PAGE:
Images shot with F.Zuiko 38mm f1.8
I’ve noticed a theme emerging.
It doesn’t matter where I travel anymore.
As long as there’s a temple, I’ll be going to visit it.
And when I looked at a list of things to do in Chongqing, this one caught my eye.
Nestled in the midst of a whole mess of skyscrapers and building sites, Chongqing’s Luohan Temple is an escape and an oasis of tranquility in one of China’s most populous, noisiest, and polluted cities.
That alone makes it worth visiting if you’re ever in the neighbourhood.
Which you might be.
You never know.
The main, unphotographable attraction of Chongqing’s Luohan Temple
Luohan is the Chinese word for arhat, the Sanskrit word for a person who has achieved enlightenment, and the temple is named after the 500 clay figures of arhats found in one of the halls.
I went in to see them. I’d heard they were a bit strange.
And they were.
Or rather, being in amongst them in the dimly lit hall was.
The figures were sat above eye level, lining the narrow maze-like walkways that led around the room. Each one was different. But some of them were very different.
I think I remember one had a load of smaller versions of himself crawling all over him. Another had 8 or 10 eyes, while another still was ripping his own chest open. Others just seemed to be laughing at you as you walked past, or mocking, or talking about you to the one next to them.
You walk in, and then you walk around the hall, not knowing exactly how to get out, with the hundreds of pairs of eyes from a collection of the strangest characters you’ve ever seen following you around from above.
It was a little disorientating.
As I said; if you’re ever in the neighbourhood, check it out.
Following my personal rule of not taking photographs in temples though, I don’t actually have any pictures of them.
Google images does. But they don’t and can’t do justice to being in there.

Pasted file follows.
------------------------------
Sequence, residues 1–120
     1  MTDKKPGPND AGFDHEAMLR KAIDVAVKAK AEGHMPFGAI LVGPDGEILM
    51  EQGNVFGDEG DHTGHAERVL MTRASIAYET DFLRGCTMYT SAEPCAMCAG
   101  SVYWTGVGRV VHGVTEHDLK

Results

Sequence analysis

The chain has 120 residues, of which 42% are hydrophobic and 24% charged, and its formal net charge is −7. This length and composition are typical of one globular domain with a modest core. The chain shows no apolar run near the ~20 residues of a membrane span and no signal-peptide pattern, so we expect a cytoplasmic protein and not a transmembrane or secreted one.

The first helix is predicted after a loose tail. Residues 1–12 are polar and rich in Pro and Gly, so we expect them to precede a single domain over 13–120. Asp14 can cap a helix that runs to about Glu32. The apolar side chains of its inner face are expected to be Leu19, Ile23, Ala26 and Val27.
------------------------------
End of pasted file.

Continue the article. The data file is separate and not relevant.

You’re just going to have to go yourself.
A little bit of the history of Chongqing’s Luohan Temple
Chongqing’s Luohan Temple was first built around 1000 years ago. It was then remodelled in 1752. And then rebuilt in 1945.
I told you it was a very little bit of the temple’s history.
Fast forward to the present day and a small community of monks are still active in the temple, and there was a definite feel of it being more than (just) a tourist attraction.
I guess the calligraphy is being done with a view to being sold, though.
The photographs I did take at Chongqing’s Luohan Temple are a bit less dramatic than the experience in the hall with the 500 clay arhats that I wish I could show you.
There is that big, gold effect Buddha up there though.
And a big stone Buddha below.
Plus some red ribbons and candles and more ribbons.
And one of those Chinese stone dogs.
It’s all good, though.
We’re at an oasis of tranquility, remember?
I think it’s time to wrap this up.
Picture the scene:
You’re going to visit Chongqing.
You look at a list of things to do in Chongqing.
You see the Luohan Temple.
Should you add it to your list?
I’m going to say yes.
For the 500 strange clay arhats that I didn’t take any pictures of, yes.
And once more for luck.
Yes, you should.